It’s difficult to categorize the works of Isabelle Leduc: “Neither completely paintings, nor sculptures . . . . perhaps masks, architectural fragments, shields, organic elements, pebbles and rocks, enigmatic botanical species, pictograms?” critic René Viau once wrote. (Above: Glossaire, 2008, paper, wood and acrylic, 40,5 x 30 x 8 cm each)
-Fleurs (flowers) bordeaux, mauve, jaune, verte, each 108 x 8.5 x 8.5 cm
The daughter of famous Quebec abstract painter Fernand Leduc works in handmade paper, wood and acrylic paint. Her recent show at la Galerie d’art d’Outremont, Montreal, was a retrospective of her work since 1984.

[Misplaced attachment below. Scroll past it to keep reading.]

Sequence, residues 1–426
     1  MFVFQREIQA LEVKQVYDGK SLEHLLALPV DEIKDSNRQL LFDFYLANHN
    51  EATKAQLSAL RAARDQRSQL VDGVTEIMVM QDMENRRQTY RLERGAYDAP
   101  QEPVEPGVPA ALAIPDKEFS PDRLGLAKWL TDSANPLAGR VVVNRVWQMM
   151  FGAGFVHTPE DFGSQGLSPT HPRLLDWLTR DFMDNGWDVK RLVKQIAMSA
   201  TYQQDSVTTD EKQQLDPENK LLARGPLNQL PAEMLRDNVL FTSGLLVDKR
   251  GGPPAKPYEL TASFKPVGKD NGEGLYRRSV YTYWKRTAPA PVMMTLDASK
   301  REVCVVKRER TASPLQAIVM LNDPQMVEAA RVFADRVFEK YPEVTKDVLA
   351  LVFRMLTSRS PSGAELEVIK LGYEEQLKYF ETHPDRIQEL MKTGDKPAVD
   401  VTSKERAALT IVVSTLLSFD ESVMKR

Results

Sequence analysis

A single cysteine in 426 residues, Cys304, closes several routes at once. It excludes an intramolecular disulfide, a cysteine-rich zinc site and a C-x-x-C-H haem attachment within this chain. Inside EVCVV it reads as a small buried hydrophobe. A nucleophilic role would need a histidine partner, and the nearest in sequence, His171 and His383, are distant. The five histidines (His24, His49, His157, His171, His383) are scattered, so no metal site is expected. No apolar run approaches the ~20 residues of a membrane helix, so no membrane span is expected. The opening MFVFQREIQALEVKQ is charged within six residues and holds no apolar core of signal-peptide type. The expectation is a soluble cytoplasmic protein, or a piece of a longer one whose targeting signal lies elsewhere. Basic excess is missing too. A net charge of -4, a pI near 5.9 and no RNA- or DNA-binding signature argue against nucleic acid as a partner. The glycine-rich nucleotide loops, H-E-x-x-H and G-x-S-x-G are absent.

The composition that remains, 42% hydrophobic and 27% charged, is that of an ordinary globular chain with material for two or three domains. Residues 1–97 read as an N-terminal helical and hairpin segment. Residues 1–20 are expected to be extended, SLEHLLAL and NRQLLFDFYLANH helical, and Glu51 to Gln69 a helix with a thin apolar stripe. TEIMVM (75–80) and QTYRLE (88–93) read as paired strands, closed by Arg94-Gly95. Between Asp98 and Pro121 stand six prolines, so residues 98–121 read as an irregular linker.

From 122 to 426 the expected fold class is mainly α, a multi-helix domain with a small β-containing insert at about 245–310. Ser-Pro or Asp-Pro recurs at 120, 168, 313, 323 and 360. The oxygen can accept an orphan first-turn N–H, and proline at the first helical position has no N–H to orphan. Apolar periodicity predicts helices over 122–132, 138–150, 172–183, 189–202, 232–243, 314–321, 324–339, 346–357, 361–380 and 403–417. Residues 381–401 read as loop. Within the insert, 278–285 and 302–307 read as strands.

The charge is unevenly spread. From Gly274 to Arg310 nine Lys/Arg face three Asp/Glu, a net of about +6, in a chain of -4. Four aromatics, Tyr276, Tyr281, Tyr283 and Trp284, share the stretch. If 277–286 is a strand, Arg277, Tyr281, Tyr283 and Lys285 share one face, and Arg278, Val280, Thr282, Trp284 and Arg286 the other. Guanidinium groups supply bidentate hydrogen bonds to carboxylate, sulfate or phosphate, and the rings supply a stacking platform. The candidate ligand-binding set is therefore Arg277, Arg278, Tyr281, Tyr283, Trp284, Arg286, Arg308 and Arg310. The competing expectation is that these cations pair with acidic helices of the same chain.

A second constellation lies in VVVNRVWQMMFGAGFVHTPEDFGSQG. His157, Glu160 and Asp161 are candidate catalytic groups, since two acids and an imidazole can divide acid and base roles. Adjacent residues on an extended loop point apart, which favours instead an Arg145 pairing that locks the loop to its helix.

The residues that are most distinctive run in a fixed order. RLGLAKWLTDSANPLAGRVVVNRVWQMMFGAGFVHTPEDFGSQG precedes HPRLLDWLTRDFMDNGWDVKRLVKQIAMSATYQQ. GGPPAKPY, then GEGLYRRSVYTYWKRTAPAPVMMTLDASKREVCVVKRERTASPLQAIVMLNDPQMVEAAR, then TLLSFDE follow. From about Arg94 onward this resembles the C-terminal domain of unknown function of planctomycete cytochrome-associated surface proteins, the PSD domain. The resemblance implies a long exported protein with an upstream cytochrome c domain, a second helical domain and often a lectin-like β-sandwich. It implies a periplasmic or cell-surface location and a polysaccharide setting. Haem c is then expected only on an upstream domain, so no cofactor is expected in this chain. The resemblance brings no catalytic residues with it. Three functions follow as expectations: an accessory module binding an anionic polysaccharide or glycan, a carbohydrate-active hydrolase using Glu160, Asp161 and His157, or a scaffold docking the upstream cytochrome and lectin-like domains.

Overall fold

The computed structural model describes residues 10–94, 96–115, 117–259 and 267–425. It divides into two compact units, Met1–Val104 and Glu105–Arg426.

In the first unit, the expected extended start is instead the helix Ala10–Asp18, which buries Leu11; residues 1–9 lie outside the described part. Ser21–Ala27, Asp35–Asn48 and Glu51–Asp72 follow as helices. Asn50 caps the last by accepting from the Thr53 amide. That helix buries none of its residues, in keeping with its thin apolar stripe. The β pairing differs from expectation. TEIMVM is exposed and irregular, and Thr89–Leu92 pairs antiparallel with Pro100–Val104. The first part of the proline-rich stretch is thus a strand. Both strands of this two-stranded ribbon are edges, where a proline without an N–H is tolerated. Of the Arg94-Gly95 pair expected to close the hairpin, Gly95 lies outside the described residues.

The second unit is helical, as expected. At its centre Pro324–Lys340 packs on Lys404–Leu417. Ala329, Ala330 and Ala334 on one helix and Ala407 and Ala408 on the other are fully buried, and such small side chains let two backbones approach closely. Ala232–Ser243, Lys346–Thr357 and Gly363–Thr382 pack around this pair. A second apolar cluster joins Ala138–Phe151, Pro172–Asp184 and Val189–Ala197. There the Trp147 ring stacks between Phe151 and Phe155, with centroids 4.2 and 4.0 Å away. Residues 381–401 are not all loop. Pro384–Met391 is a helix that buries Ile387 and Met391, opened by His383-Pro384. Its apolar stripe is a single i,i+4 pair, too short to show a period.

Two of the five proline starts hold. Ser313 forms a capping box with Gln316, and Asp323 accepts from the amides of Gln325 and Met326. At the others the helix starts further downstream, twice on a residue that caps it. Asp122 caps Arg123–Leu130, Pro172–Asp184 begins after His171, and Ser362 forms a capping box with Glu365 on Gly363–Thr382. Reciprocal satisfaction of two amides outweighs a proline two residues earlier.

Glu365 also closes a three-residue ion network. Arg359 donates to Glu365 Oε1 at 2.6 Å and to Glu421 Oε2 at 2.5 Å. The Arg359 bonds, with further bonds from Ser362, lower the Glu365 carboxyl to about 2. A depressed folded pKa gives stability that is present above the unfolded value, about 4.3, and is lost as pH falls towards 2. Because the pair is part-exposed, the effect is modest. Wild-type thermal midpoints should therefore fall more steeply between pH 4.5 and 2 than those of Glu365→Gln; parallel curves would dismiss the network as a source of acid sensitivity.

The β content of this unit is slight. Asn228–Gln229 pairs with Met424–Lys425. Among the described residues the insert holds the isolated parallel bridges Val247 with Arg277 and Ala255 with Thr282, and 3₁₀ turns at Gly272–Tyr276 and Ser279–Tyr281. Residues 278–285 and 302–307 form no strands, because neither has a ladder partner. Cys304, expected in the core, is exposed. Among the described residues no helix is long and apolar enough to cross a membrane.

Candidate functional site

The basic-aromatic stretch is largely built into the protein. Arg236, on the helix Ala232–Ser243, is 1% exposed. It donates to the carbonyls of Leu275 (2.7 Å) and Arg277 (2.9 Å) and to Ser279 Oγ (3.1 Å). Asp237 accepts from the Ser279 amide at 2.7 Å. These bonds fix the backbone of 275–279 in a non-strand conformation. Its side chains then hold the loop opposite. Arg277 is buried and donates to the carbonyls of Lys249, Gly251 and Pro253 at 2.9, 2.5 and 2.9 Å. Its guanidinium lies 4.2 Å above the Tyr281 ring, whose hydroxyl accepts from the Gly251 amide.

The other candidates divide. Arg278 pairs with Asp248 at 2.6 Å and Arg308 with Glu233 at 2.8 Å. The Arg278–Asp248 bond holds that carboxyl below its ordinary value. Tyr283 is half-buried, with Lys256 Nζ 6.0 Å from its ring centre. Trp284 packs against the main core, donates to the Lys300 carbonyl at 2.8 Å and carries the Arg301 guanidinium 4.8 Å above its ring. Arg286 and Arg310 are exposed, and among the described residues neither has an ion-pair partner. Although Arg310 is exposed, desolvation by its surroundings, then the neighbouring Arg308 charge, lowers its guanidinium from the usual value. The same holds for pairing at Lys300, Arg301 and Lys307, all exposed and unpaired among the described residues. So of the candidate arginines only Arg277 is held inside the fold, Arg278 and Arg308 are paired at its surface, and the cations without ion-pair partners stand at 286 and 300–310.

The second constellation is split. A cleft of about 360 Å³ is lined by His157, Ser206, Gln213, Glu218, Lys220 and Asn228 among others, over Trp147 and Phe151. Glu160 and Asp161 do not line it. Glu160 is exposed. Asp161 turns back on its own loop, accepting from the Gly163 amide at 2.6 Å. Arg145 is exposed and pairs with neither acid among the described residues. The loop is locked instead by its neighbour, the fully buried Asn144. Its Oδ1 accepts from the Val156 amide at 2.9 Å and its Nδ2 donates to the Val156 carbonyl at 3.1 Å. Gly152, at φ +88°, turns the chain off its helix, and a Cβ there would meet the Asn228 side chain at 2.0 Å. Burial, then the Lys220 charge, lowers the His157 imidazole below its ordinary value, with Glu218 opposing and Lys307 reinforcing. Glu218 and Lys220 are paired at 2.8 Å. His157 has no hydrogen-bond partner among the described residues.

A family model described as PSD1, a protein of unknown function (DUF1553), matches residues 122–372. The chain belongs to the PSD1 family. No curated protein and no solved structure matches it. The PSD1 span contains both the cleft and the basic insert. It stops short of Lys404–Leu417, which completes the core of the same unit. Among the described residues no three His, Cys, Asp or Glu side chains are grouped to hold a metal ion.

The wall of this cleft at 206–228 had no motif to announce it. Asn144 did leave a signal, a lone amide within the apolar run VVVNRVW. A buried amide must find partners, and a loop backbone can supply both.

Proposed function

Triangles tronqués (truncated triangles), papier acrylique, 62 x 38 x 12 cm
Scutum, 1988, paper and painted wood, 174 x 110 cm
Sous le vent, papier, acrylique 2010
Photo: André Pichette, La Presse
Are they paintings or sculptures? Masks, totems or religious symbols? Signs borrowed from Egyptian writing a secret code or scout? Geometric figures and architectural motifs? Isabelle Leduc remains calm before the avalanche of questions. La Presse (Translated)
Leduc’s father, abstract painter Fernand Leduc, played a major role in the formation of the group of dissident artists known as the Automatistes, which included such well-known artists as Jean‑Paul Riopelle.